From Socialist Voice (Dublin), January 2003.
Transcribed by Ciaran Crossey.
Marked up by Einde O’ Callaghan for the Encyclopaedia of Trotskyism On-Line (ETOL).
SECURITY STAFF at Belfast International Airport went on strike last year against low pay and poor conditions. Their employer, security company ICTS, sacked 22 of the strikers including the shop stewards. Two of the victimised shop stewards and leaders of this dispute, Gordon McNeill and Madan Gupta, have decided that the best way to continue their struggle is by joining the Socialist Party. Peter Hadden spoke to Gordon McNeill about the reasons why.
Gordon: We took the decision to join because we agree with the principles of the Party and also because of the assistance the Party gave us during our strike. Without this help we would have been lost in the fight not just against the company but against the leadership of our own union, the T&GWU.
Peter: The strike was defeated and you lost your jobs. Do you regret the action you took?
Gordon: I don’t regret the action for one second. We can hold our heads up because we challenged the "dictatorship" in the airport. We may have lost the immediate battle against ICTS but we won a moral victory in that we fought for people’s genuine concerns and rights. Since the strike we have also been able to expose the security breaches that took place to keep the airport open when we were out. The fight will now continue in the legal arena and by whatever other means at our disposal to expose what is going on at Belfast International Airport.
Peter: What is happening in the airport now?
Gordon: The ICTS workers are very angry. Some want to organise a demonstration at the airport against the sackings and the ongoing treatment they are receiving. One worker is being victimised for her trade union activities. Staff have voiced their concerns and are requesting another ballot for strike action if she is dismissed. The strike was defeated but heads have not gone down.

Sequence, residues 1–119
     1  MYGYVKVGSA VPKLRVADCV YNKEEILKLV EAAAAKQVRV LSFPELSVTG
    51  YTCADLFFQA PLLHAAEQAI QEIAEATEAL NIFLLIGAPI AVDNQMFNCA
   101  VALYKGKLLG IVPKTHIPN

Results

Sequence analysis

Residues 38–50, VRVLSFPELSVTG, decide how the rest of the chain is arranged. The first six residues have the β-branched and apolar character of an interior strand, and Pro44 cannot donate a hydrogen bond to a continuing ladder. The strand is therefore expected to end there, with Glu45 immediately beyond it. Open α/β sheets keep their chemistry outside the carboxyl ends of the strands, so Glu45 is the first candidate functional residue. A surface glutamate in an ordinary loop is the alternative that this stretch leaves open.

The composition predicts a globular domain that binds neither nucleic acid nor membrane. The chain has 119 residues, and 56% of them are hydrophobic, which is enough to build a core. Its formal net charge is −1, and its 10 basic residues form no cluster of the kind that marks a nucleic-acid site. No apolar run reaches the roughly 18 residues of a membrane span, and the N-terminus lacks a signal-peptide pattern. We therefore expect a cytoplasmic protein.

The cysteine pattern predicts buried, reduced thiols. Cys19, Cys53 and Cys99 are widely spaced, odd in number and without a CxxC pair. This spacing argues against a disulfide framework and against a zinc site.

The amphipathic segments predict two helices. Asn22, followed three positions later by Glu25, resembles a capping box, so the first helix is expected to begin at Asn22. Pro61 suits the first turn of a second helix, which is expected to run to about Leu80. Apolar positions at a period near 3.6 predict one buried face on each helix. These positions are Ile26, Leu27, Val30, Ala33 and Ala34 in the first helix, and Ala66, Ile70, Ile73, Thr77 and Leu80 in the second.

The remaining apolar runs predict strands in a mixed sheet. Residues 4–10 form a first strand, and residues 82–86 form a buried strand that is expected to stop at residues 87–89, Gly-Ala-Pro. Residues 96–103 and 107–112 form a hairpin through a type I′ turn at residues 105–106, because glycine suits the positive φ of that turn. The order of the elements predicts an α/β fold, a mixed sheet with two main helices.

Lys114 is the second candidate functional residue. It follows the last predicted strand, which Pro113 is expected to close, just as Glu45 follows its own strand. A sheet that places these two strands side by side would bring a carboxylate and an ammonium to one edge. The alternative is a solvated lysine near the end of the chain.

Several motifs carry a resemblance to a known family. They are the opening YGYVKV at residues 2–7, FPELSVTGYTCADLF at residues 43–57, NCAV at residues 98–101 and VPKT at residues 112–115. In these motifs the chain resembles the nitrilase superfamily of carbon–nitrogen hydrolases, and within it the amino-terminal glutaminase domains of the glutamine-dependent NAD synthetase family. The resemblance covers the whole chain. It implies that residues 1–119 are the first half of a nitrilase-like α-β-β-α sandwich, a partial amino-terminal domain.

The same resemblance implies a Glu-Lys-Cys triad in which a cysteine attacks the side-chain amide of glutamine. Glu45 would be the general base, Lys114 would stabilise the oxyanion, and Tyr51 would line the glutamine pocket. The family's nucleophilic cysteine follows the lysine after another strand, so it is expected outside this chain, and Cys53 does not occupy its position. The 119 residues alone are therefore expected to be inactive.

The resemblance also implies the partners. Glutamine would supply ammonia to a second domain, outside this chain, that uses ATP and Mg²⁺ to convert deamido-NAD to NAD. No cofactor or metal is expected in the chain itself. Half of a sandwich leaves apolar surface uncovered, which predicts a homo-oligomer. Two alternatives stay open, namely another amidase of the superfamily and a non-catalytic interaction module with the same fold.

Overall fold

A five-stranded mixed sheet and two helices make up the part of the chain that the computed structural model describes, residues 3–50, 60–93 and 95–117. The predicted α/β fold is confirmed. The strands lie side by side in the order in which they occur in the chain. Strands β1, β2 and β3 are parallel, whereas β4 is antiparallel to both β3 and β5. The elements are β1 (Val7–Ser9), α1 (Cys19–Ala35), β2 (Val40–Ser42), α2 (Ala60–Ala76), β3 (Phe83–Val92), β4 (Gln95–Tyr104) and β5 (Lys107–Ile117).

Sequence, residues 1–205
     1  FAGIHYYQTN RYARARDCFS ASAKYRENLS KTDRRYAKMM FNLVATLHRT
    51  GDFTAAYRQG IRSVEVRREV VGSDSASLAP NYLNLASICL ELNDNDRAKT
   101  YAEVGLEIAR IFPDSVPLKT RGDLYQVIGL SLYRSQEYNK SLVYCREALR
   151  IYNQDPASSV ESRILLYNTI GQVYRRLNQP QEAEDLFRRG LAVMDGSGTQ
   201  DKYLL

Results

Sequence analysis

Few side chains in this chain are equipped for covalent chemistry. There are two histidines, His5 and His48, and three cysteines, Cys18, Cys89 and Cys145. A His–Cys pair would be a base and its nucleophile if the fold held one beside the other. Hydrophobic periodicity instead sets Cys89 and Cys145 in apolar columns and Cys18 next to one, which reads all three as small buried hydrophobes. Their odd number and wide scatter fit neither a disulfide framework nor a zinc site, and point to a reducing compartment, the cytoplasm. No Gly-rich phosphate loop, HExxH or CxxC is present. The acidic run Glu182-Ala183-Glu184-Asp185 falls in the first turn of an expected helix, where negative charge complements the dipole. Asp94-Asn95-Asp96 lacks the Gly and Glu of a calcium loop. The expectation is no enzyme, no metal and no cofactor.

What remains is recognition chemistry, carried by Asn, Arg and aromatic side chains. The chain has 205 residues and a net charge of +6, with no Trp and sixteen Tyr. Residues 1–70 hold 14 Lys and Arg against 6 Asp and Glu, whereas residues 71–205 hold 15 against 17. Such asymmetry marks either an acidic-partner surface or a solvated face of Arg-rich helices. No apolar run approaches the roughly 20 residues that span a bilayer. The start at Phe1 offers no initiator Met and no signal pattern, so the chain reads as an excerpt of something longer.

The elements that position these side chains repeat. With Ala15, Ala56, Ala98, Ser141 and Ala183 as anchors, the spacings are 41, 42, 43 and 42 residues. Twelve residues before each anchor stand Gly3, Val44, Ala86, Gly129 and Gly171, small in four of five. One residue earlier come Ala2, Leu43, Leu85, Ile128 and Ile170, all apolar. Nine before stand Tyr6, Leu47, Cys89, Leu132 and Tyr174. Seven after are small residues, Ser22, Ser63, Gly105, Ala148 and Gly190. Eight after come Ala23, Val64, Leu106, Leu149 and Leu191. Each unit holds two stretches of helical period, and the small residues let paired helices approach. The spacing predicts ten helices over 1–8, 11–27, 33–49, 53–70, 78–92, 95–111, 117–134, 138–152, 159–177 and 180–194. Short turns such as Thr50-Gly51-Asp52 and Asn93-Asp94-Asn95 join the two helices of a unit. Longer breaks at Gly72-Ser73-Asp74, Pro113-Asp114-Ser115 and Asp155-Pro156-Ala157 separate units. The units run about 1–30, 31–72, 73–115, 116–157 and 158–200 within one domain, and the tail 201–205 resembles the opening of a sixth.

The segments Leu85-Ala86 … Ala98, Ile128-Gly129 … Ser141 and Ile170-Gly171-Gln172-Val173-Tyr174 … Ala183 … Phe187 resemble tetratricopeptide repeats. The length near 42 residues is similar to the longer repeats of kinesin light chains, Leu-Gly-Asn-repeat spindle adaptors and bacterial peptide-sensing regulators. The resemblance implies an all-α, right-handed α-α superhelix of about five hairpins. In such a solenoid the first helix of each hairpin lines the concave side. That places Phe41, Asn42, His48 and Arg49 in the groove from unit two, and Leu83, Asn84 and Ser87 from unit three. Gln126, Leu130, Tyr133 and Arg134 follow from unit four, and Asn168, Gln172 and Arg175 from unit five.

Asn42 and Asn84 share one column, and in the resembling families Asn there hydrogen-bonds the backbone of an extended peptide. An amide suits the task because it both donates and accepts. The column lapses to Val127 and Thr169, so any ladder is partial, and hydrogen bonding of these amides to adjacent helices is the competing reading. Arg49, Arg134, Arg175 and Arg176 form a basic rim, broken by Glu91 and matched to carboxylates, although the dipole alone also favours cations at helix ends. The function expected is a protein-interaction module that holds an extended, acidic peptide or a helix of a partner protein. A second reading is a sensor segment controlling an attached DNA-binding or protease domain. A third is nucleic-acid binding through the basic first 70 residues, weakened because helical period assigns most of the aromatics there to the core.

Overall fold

Peter: The strikers believe that the incorrect advice and lack of initial support from your full time union official contributed to the sacking decision. What lessons have you learned?
Gordon: The first thing that has to happen is the election of all trade union officials. The bureaucracy in the unions must come to an end. Also the wages they receive must be on a par with the workers they represent. We were concerned that our official was too close to airport management. This should not happen. All officials should have to declare any links and especially any vested interests they may have with the companies they deal with.
Peter: The strike showed that workers in Northern Ireland can stand together. Are there general political lessons to be drawn from this?
Gordon: The dispute united workers of all religions and creeds in a fight for basic human rights. It showed a different side to Northern Ireland with people prepared to come together for the common good rather than be drawn apart by sectarianism. The basis of politics here needs to be the bread and butter issues such as housing, education and health. We need a party that can challenge sectarianism and put these things to the fore.
Last updated: 26.7.2012